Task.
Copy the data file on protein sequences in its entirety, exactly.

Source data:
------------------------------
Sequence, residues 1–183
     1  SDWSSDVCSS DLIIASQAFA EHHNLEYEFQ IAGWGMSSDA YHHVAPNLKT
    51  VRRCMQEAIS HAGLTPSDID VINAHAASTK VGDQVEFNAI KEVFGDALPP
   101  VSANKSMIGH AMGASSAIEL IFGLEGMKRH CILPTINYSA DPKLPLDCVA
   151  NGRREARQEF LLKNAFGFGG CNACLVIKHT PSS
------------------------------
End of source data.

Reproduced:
Sequence, residues 1–183
     1  SDWSSDVCSS DLIIASQAFA EHHNLEYEFQ IAGWGMSSDA YHHVAPNLKT
    51  VRRCMQEAIS HAGLTPSDID VINAHAASTK VGDQVEFNAI KEVFGDALPP
   101  VSANKSMIGH AMGASSAIEL IFGLEGMKRH CILPTINYSA DPKLPLDCVA
   151  NGRREARQEF LLKNAFGFGG CNACLVIKHT PSS